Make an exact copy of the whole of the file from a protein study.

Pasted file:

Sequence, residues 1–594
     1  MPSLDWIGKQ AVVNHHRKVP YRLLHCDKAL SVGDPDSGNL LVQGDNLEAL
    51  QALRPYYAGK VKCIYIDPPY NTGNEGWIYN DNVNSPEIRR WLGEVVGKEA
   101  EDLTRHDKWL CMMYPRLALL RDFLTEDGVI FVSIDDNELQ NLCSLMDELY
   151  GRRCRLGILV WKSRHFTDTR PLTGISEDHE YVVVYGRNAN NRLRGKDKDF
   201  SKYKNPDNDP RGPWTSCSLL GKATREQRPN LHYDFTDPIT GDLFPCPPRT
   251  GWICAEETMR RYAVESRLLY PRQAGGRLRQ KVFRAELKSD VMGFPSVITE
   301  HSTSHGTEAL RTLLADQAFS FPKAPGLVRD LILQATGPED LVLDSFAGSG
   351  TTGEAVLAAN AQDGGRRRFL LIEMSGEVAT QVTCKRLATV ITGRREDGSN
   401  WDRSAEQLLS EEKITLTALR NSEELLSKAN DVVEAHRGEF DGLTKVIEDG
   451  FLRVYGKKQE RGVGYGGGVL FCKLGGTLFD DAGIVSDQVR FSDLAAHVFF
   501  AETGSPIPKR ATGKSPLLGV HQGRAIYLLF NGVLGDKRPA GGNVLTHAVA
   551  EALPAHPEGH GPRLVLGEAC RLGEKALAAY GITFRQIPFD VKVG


Sequence, residues 1–594
     1  MPSLDWIGKQ AVVNHHRKVP YRLLHCDKAL SVGDPDSGNL LVQGDNLEAL
    51  QALRPYYAGK VKCIYIDPPY NTGNEGWIYN DNVNSPEIRR WLGEVVGKEA
   101  EDLTRHDKWL CMMYPRLALL RDFLTEDGVI FVSIDDNELQ NLCSLMDELY
   151  GRRCRLGILV WKSRHFTDTR PLTGISEDHE YVVVYGRNAN NRLRGKDKDF
   201  SKYKNPDNDP RGPWTSCSLL GKATREQRPN LHYDFTDPIT GDLFPCPPRT
   251  GWICAEETMR RYAVESRLLY PRQAGGRLRQ KVFRAELKSD VMGFPSVITE
   301  HSTSHGTEAL RTLLADQAFS FPKAPGLVRD LILQATGPED LVLDSFAGSG
   351  TTGEAVLAAN AQDGGRRRFL LIEMSGEVAT QVTCKRLATV ITGRREDGSN
   401  WDRSAEQLLS EEKITLTALR NSEELLSKAN DVVEAHRGEF DGLTKVIEDG
   451  FLRVYGKKQE RGVGYGGGVL FCKLGGTLFD DAGIVSDQVR FSDLAAHVFF
   501  AETGSPIPKR ATGKSPLLGV HQGRAIYLLF NGVLGDKRPA GGNVLTHAVA
   551  EALPAHPEGH GPRLVLGEAC RLGEKALAAY GITFRQIPFD VKVG